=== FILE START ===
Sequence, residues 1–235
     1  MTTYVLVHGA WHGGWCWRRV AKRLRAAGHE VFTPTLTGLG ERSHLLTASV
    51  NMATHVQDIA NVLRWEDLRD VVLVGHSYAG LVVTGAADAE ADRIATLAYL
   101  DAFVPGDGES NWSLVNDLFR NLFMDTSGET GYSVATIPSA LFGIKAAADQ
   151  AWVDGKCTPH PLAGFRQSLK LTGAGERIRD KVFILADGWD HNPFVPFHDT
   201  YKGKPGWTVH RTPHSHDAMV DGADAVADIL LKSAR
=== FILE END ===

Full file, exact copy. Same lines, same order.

Sequence, residues 1–235
     1  MTTYVLVHGA WHGGWCWRRV AKRLRAAGHE VFTPTLTGLG ERSHLLTASV
    51  NMATHVQDIA NVLRWEDLRD VVLVGHSYAG LVVTGAADAE ADRIATLAYL
   101  DAFVPGDGES NWSLVNDLFR NLFMDTSGET GYSVATIPSA LFGIKAAADQ
   151  AWVDGKCTPH PLAGFRQSLK LTGAGERIRD KVFILADGWD HNPFVPFHDT
   201  YKGKPGWTVH RTPHSHDAMV DGADAVADIL LKSAR